(b) Obtain David’s instructions as to how he wants to have the letter delivered to him.
(c) Fax the letter to the main office of David’s place of employment.
(d) Ask Sara’s lawyer to send the letter to David directly. 

End of Case 1

Correct Answers to Barrister Items:

1. (a)
2. (a)
3. (c)
4. (a)
5. (a)
6.  (c)
7. (d)
8. (b)


Sample Independent Items

1. Who is responsible for appointing the auditor of a corporation?

(a) The board of directors.
(b) The voting shareholders.
(c) The chief financial officer.
(d) The audit committee.

2. Gertrude has come to Roberta, a lawyer, to draw up a power of attorney for personal care. Gertrude will be undergoing major surgery and wants to ensure that her wishes are fulfilled should anything go wrong. Gertrude’s husband is quite elderly and not in good health, so she may want her two adult daughters to be the attorneys. The religion of one of her daughters requires adherents to protect human life at all costs. Gertrude’s other daughter is struggling financially. What further information should Roberta obtain from Gertrude?

(a) The state of her daughters’ marriages.
(b) The state of Gertrude’s marriage.
(c) Gertrude’s personal care wishes.
(d) Gertrude’s health status.

3. Erin, a lawyer, has been retained to complete an estate plan for a wealthy family. Erin and the family have agreed on a flat fee for drafting wills and powers of attorney for the mother and father and establishing a trust fund for the children of the family. Erin has completed the wills and established the trust but still needs to draft the powers of attorney. The father has become very abrupt with her, and Erin no longer wishes to act, despite accepting the flat fee. What is the most appropriate action for Erin to take?

(a) Withdraw from acting.
(b) Refer the family to another lawyer.
(c) Return the flat fee.
(d) Complete her obligations.

4. Peyton, a real estate lawyer, is acting for a married couple, Lara and Chris, on the purchase of their first home. Lara’s mother will be lending the couple some money and would like to register a mortgage on title. Lara and Chris have asked Peyton to prepare and register the mortgage documentation. They are agreeable to Peyton acting for the three of them. Chris’ brother is also lending them money, but Lara and Chris have asked Peyton not to tell Lara’s mother this fact. Should Peyton act?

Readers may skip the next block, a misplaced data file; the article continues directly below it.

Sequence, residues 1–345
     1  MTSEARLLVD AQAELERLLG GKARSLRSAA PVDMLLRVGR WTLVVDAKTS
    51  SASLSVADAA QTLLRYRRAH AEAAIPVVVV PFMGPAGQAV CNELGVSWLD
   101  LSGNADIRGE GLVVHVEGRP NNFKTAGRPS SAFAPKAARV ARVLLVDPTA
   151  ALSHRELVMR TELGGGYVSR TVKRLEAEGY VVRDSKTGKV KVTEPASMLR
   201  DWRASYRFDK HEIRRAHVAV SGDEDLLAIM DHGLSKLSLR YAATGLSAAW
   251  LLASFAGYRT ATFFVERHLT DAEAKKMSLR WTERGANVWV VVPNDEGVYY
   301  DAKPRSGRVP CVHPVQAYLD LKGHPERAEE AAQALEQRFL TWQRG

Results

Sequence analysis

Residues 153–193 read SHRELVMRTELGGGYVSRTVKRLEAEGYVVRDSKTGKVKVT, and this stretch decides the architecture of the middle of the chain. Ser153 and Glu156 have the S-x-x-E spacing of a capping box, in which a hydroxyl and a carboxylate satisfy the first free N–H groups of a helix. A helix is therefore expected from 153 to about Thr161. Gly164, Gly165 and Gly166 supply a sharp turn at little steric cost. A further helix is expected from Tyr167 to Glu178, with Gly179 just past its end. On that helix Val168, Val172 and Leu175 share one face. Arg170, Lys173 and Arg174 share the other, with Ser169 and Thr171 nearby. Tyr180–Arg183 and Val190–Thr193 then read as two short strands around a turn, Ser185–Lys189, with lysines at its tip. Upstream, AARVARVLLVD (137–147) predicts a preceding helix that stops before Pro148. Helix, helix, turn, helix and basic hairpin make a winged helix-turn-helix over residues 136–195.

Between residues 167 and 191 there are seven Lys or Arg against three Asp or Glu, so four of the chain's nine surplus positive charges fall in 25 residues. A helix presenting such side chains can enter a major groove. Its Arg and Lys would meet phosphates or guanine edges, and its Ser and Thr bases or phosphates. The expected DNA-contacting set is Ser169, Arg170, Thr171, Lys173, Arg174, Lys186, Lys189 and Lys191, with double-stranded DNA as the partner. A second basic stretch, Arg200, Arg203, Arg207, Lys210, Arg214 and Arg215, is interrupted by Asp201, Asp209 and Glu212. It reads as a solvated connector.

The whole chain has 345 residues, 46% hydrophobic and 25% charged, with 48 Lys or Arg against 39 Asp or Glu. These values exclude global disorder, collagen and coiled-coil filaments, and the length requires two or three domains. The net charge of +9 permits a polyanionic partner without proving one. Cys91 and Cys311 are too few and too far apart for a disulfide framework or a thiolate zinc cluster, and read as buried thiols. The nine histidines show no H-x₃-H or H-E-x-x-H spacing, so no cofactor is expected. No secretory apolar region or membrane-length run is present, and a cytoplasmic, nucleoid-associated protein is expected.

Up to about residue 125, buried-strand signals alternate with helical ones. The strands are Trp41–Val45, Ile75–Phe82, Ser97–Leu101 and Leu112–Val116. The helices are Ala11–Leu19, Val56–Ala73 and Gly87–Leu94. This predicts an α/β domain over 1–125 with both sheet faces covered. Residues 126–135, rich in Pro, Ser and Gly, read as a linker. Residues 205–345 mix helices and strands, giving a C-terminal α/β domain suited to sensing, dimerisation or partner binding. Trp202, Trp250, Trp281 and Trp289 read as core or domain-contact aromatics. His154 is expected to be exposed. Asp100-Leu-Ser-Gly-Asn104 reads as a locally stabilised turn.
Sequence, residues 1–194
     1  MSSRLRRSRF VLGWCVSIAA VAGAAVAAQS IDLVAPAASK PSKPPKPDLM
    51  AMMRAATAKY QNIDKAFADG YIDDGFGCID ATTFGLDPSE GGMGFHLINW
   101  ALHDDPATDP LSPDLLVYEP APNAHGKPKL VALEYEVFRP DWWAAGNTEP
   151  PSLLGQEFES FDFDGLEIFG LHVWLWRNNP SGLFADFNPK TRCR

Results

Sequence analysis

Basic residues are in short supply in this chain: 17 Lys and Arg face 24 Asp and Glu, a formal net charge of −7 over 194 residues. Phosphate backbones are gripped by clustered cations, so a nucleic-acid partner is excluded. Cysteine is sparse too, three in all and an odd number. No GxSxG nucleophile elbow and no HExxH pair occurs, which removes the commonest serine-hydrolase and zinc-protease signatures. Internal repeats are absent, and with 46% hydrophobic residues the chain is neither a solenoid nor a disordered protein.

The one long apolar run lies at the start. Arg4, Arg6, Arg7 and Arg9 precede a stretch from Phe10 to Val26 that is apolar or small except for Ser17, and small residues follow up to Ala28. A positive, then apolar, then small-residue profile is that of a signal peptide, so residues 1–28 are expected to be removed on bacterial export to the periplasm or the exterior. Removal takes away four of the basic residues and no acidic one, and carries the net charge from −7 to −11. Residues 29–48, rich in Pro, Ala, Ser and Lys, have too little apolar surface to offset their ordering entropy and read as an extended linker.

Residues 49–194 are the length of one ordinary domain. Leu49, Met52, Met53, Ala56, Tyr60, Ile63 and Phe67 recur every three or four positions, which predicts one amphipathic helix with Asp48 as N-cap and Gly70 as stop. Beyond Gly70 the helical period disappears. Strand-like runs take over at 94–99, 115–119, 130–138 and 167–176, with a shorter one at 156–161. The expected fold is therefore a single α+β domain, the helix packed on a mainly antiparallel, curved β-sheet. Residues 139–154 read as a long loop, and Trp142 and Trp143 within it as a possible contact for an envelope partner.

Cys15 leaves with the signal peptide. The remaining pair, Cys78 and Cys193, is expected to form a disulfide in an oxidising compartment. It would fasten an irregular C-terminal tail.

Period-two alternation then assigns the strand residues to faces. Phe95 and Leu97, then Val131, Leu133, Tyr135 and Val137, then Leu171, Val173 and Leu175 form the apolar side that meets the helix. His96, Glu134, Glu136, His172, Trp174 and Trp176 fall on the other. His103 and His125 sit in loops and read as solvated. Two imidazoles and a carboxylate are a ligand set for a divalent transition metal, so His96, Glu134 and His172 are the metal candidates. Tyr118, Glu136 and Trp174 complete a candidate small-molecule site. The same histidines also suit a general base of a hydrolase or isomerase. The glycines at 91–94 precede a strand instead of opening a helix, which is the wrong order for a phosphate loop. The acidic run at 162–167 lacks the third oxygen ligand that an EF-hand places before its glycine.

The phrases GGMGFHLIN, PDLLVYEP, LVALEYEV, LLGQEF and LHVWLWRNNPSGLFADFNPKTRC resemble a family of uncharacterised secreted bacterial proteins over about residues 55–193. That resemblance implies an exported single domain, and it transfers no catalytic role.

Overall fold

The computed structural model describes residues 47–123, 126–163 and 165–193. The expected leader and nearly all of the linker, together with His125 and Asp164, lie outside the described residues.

(a) Yes, because the parties consented.
(b) No, because there is a conflict of interest.
(c) Yes, because the parties are related.
(d) No, because she should not act on both the purchase and the mortgage.

5. Prior to the closing of a real estate transaction, in which jurisdiction should the purchaser’s lawyer search executions?

(a) Where the seller previously resided.
(b) Where the seller’s real property is located.
(c) Where the seller’s personal property is located.
(d) Where the seller is moving.

End of Sample Independent Items


Sample Case-Based Items

Case 1
A lawyer attends at a meeting with Mrs. Edwards, her three children Barbara, David and Andrew, and her tax advisor. The lawyer is consulted to address estate planning issues and to receive instructions regarding Mrs. Edwards’ will. Mrs. Edwards indicates that she owns property in Ontario and a condominium in Florida.

Questions 6 to 8 refer to Case 1

6. With whom can the lawyer discuss the terms of Mrs. Edwards’ will?

(a) Mrs. Edwards’ tax advisor.
(b) Mrs. Edwards only.
(c) Andrew, Barbara and David any time after the will is signed.
(d) Mrs. Edwards and all of her three children.

7. What should the lawyer do concerning the Florida property?

(a) Research U.S. estate tax law implications and provide advice to Mrs. Edwards.
(b) Consult with the children regarding their plans for the future use of the condominium.
(c) Draft a Florida-based will addressing only the condominium.
(d) Advise Mrs. Edwards that Florida counsel needs to be retained to deal with all U.S.-related issues.

8. Upon receipt of the lawyer’s final account, Mrs. Edwards expressed concern regarding the amount billed. What should be the lawyer’s first step in addressing these concerns?

(a) Report the matter to the Law Society of Ontario.
(b) Report the matter to LawPRO.
(c) Review the account with Mrs. Edwards.
(d) Have Mrs. Edwards’ account assessed. 

End of Case 1

Correct Answers to Solicitor Items:

1. (b)
2. (c)
3. (d)
4. (b)
5. (b)
6. (b)
7. (d)
8. (c)

Paralegal Items

Sample Independent Items

1. Joshua, a paralegal, is meeting with his client, Max, for the first time. Max is a landlord of an apartment building and is having problems with a tenant. What step should Joshua take next?

  1. Research the latest landlord and tenant cases.
  2. Ask Max for a money retainer.
  3. Send the tenant a letter.
  4. Ascertain Max’s objectives.

2. Dave is involved in litigation against his neighbour. He instructs Brigitte, his paralegal, not to give the other side any extra time to meet deadlines. What should Brigitte do in response to these instructions from Dave?

  1. Follow his instructions.
  2. Advise Dave that she cannot deny reasonable requests if his rights are not prejudiced.
  3. Write a letter to the other side informing them that she will not grant any extensions.
  4. Make a private agreement with the other side to grant each other extensions in all circumstances.

3. When should a paralegal open a client file?

  1. When a client provides the paralegal with a money retainer.
  2. When a client instructs the paralegal to commence an action.